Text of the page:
The MAOI has stated that the lopsided tax policies have led to 90 per cent of the MRO requirements of India being imported; causing severe loss to the Indian MRO industry and the Government’s tax revenues.
The MRO Association Of India (MAOI) in a letter to the Ministry of Civil Aviation has called for its urgent attention to the dwindling Maintenance, Repairs & Overhaul (MRO) industry. Declaring the industry’s present state to be in dire straits, the Association has appealed to the Ministry to offer the Indian MRO industry at least a fair chance to compete with foreign MROs that enjoy a favourable import tax policy of the Indian Government. The MAOI has stated that the lopsided tax policies have led to 90 per cent of the MRO requirements of India being imported; causing severe loss to the Indian MRO industry and the Government’s tax revenues. With the Government’s timely intervention and support, the MAOI aims to convert today’s US $1.4 Billion of net import of MRO into a US $5 Billion export in the next 5 years.
“The Indian MRO business has been on a gradual decline and for the first time in its history has registered negative numbers this year. We cannot stress enough on the plight of our industry and are hoping for the Government to intervene before it’s too late. It is estimated that the current MRO import bill for the year 2017-2018 of US $1.4 billion will rise to US $3 billion by 2023. This import driven policy has lost 90,000 direct jobs to countries like Sri Lanka, Singapore, Thailand, France and Germany. These jobs can easily be brought back to India by correcting the fiscal tax imbalance that has affected this industry since independence. Indian engineering is amongst the best in the world and allowing this drain of precious skill and ForEx to foreign locations is unwarranted,” says Bharat Malkani, President, MAOI.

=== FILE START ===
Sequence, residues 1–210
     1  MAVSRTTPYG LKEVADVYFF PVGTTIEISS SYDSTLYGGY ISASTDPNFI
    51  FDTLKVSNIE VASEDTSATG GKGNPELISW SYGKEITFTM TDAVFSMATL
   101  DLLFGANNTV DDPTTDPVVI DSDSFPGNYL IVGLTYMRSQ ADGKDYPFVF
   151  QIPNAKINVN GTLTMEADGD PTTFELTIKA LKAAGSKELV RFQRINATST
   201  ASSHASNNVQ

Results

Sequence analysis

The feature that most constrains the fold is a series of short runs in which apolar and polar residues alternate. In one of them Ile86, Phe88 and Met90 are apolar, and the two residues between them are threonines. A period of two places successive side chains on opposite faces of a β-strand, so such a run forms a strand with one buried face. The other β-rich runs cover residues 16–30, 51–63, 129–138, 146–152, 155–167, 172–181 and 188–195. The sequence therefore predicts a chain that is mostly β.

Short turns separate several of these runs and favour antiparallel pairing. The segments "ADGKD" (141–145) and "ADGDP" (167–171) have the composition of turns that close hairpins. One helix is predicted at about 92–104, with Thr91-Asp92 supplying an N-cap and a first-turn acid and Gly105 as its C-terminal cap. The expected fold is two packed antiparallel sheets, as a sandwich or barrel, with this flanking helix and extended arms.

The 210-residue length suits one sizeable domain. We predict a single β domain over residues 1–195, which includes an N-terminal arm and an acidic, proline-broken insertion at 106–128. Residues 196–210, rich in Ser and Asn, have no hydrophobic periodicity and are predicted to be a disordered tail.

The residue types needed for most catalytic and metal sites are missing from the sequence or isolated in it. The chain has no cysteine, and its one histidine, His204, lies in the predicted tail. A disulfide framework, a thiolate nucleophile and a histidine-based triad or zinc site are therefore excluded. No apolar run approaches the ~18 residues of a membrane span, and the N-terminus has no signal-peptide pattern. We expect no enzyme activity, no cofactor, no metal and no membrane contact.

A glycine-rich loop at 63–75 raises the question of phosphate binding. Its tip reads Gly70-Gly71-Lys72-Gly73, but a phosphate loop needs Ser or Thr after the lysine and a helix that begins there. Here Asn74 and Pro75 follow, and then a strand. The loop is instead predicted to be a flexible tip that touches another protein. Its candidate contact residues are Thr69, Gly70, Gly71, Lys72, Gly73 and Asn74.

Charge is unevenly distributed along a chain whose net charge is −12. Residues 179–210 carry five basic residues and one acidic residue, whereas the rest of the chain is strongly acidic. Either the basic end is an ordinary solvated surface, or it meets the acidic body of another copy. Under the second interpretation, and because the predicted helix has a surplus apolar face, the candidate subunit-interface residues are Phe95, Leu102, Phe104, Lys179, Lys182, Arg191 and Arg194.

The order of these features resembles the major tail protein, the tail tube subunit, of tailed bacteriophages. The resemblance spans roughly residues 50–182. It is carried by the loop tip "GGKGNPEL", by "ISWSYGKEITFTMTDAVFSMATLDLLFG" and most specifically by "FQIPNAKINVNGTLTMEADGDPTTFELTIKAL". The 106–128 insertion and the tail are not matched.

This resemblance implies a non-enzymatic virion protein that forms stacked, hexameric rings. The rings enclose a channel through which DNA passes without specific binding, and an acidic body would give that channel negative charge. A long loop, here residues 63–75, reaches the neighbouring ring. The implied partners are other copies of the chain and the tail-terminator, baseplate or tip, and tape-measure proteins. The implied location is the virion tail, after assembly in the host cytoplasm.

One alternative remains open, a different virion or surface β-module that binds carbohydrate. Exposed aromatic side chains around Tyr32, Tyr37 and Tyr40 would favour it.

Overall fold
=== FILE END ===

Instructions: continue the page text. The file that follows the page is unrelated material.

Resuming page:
The Association has pointed out to the skewed tax regime that has been benefiting foreign players while putting the domestic players at a disadvantage. The present GST for importing MRO services to India is levied at a maximum 5 per cent, whereas the same services offered at home are taxed at GST of 18 per cent. This makes it unviable for Indian airline carriers to even consider us for doing the job.
“Maintenance, Repair and Overhaul of aircraft, its components and engines globally is regarded as a strategic business, and the skills required to support Civil as well as Military aircraft are similar. The Indian civil aviation industry is in the midst of a boom with a consistent 20 per cent growth rate for the last few years. Based on data from the OEM’s, the current fleet of 550 airliners is expected to grow to 1000 by 2023,” says Ravi Menon, Vice-President, MAOI.
The MAOI has also pointed out to the fact that despite the Government opening up 100 per cent FDI; no foreign player has bought into it. The subsidizing of imports by offering the nation’s MRO to foreign MRO companies gives them no reason to invest directly in India when they are profitable operating from their own countries.
“The ability of a nation to perform its aviation’s MRO within the country is imperative to ensuring sovereignty of its air power. To achieve this, we must evolve a tax and regulatory mechanism that rewards Indian MROs as opposed to penalizing them as it stands today,” concludes Mr Malkani.